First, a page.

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|Read over ["LDAP/PAM"]. While LDAP isn't used for authentication, there are some handy tricks listed there for setting up login access restriction.
LDAP + Kerberos
LDAP and Kerberos together make for a great combination. Kerberos is used to manage credentials securely (authentication) while LDAP is used for determining criteria about the accounts, such as what they're allowed access to (authorization) and other account metadata. Most other LDAP setups involve in storing passwords in the LDAP directory itself using the userPassword attribute. While this is ok for a basic setup, one can do much better with just a little effort.
This guide is intended as a Debian-focused update to excellent guides, such as http://aput.net/~jheiss/krbldap/howto.html . Many of the workarounds have been fixed in recent releases of Debian, however there are still a few places one can easily get snagged.
The goal of this document is to create a Single Sign-On (SSO) system without using NIS or passwords stored in LDAP. This includes a client setup which can successfully use Kerberos for authentication and LDAP for authorization. A number of common clients are shown, such as a standard shell login and Apache2 integration.
With LDAP comes many solutions to very similar problems. Many people use LDAP due to an existing Active Directory setup so certain tools need to be used to deal with its quirks. As this starts from scratch, it can be done as simply as possible. By far the simplest way to integrate Kerberos + LDAP together on one system is to use PAM (authentication) and NSS (authorization).
This document was originally written based on experience with Debian/etch and Debian/lenny. Please update accordingly.
There are plenty of guides for setting up a Kerberos server on Debian. Once you have a KDC set up with a test principal, come back to this document.
Install the following packages:
krb5-config krb5-clients krb5-user
The Kerberos client setup is pretty straightforward using the krb5-config package's config. For libpam-krb5, you will have to modify your /etc/pam.d/common-* files according to /usr/share/doc/libpam-krb5/README.Debian.
If you're having trouble, check the following:
ensure krb5.conf is set properly. Things to check for:
ensure your domain is mapped in the domain_realm section at the bottom; this is used by the GSSAPI LDAP integration and will cause weird problems if you happen to be in a subdomain of any of the defaults.
ensure your default_realm is proper
ensure your realm is defined in the realms section
See ["LDAP/OpenLDAPSetup"] to get your server set up.
Getting your feet wet with LDAP
A very helpful tool for getting one's feet wet with LDAP is phpldapadmin. While it's certainly no replacement for a proper account management system, it lets you create accounts and tinker with attributes while conforming to the schemas.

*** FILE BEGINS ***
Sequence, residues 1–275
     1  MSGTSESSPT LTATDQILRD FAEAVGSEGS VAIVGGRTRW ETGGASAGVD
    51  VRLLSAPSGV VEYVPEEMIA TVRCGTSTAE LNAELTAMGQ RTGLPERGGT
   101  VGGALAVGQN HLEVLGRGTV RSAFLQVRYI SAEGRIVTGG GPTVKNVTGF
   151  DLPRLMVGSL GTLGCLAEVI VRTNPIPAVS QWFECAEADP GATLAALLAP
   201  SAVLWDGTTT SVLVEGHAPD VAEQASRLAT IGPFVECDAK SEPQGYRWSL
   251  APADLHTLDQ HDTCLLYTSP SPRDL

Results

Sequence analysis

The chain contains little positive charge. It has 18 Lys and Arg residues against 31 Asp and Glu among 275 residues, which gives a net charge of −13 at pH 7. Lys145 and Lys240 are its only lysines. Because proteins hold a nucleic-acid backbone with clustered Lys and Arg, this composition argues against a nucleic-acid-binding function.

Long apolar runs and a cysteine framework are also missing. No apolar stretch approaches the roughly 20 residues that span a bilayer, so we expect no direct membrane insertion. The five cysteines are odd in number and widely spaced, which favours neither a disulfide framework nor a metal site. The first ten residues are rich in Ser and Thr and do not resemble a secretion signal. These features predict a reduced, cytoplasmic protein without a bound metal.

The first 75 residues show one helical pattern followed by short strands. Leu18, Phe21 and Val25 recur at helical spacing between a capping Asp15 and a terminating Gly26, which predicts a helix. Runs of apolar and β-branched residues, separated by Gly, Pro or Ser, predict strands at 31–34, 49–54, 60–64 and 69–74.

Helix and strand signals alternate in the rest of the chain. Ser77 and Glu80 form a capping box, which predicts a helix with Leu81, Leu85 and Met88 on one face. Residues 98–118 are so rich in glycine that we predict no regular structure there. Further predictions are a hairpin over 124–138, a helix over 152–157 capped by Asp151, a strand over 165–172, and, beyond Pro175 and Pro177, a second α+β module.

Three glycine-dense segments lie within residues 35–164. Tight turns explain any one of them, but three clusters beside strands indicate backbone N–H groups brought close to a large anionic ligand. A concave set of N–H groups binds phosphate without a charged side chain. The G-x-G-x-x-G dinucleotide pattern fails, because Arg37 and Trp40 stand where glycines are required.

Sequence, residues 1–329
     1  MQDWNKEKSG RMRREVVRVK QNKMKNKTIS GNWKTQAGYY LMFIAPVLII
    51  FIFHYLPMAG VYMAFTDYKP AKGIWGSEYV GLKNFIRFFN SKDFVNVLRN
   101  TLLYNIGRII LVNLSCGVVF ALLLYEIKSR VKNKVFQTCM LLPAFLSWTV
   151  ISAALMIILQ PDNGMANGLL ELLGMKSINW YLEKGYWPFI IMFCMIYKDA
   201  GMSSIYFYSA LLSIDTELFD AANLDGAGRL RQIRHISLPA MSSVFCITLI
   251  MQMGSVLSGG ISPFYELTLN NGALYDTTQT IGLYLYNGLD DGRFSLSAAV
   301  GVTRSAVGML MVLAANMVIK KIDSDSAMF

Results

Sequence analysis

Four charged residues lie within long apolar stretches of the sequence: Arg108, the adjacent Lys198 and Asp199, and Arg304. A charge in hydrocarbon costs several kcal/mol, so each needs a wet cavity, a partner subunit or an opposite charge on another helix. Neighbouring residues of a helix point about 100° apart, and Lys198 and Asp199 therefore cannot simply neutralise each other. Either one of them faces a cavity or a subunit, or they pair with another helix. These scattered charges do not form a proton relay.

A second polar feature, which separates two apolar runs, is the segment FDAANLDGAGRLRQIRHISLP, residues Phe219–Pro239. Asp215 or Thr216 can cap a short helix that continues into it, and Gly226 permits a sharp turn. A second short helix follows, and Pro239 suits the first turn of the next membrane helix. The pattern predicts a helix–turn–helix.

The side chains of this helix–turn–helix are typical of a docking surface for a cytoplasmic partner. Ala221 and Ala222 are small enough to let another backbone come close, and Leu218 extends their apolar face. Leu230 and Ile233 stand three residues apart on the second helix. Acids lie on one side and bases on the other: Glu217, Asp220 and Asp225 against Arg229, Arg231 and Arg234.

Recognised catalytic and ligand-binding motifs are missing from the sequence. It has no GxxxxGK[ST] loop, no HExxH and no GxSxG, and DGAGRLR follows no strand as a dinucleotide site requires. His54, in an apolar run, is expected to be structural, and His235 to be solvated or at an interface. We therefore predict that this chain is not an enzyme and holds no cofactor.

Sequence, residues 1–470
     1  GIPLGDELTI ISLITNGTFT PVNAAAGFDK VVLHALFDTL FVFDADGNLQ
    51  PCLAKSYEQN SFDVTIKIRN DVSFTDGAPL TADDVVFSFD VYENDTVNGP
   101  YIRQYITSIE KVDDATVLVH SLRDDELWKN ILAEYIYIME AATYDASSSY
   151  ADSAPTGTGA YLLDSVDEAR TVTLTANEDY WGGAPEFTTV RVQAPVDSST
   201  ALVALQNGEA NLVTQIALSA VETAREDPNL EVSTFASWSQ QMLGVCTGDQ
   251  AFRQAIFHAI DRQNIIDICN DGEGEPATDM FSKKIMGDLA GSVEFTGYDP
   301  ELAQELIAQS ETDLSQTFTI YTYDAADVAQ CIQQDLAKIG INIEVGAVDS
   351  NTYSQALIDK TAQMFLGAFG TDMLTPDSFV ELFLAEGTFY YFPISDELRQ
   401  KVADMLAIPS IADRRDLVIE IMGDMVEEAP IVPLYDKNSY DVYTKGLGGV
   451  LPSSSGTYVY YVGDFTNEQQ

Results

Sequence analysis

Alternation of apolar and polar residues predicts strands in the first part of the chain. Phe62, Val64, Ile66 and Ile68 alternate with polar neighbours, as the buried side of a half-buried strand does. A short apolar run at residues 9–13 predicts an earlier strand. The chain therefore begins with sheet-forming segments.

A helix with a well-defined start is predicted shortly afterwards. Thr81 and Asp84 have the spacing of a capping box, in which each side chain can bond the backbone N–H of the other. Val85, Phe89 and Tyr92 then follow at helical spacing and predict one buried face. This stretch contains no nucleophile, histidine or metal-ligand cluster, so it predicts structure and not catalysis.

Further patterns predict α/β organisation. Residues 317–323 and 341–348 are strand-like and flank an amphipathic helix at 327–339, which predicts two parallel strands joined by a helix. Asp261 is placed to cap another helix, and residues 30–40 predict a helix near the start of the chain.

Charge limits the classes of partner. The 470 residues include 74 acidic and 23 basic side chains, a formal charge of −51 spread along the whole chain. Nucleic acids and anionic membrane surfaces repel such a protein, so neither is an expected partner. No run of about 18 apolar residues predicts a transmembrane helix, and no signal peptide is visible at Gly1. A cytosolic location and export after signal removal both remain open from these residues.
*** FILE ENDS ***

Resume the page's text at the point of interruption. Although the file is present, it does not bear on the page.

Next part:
LDAP data structure
Starting an LDAP server from scratch can be a bit daunting, as it starts out as a blank, unstructured slate. One tool to help get started is the migrationtools package. If one is familiar with /etc/passwd and /etc/group, one can see how that then translates to the world of LDAP using /usr/share/migrationtools/migrate_passwd.pl and friends. See ["LDAP/MigrationTools"] for more information. These tools create posixGroup and posixAccount objects which the NSS module below is familiar with.
The common hierarchical structure of ou=Users,dc=example,dc=com and ou=Groups,dc=example,dc=com seems to work quite well for most software out-of-the-box.
Instead of using LDAP PAM as described in ["LDAP/PAM"], set up PAM to authenticate using Kerberos. Install libpam-krb5 and then proceed to /usr/share/doc/libpam-krb5/README.Debian which has great directions to get going. If your Kerberos environment was properly set up above, then you should have logins working nicely.
Read over ["LDAP/PAM"]. While LDAP isn't used for authentication, there are some handy tricks listed there for setting up login access restriction.
See ["LDAP/NSS"] to get started. There is nothing special you need to do beyond ensure that you properly configure /etc/libnss-ldap.conf.
Basic authentication over SSL
Basic + SSL is a quick way to set up restricted access to websites. It's not the best, usability wise (this is usually the fault of most browsers for not exposing identity management at all), but it works well enough for most internal-use cases.
- Set up PAM. Ensure that you can login to the server using LDAP + Kerberos credentials
install libapache2-mod-auth-pam and then a2enmod auth_pam
Set up SSL. You never want to do Basic authentication across the wild 'net without some SSL protecting it. [http://www.debian-administration.org/articles/349 d-a.org article]
- In your virtual host for your given site, you can restrict a path as follows:
<Location /restrictedpath> AuthPAM_Enabled on AuthType basic AuthName "Example.com Restricted Login" AuthGROUP_Enabled on require valid-user </Location>
Other options are to use libapache2-mod-auth-kerb or libapache2-mod-authn-sasl, but neither of those provide group information from LDAP. It might be possible to pull that in using the authnz_ldap that comes with Apache2, but that module seems quite intent on performing the authentication phase, which is in our case is supposed to be handled by Kerberos, not LDAP.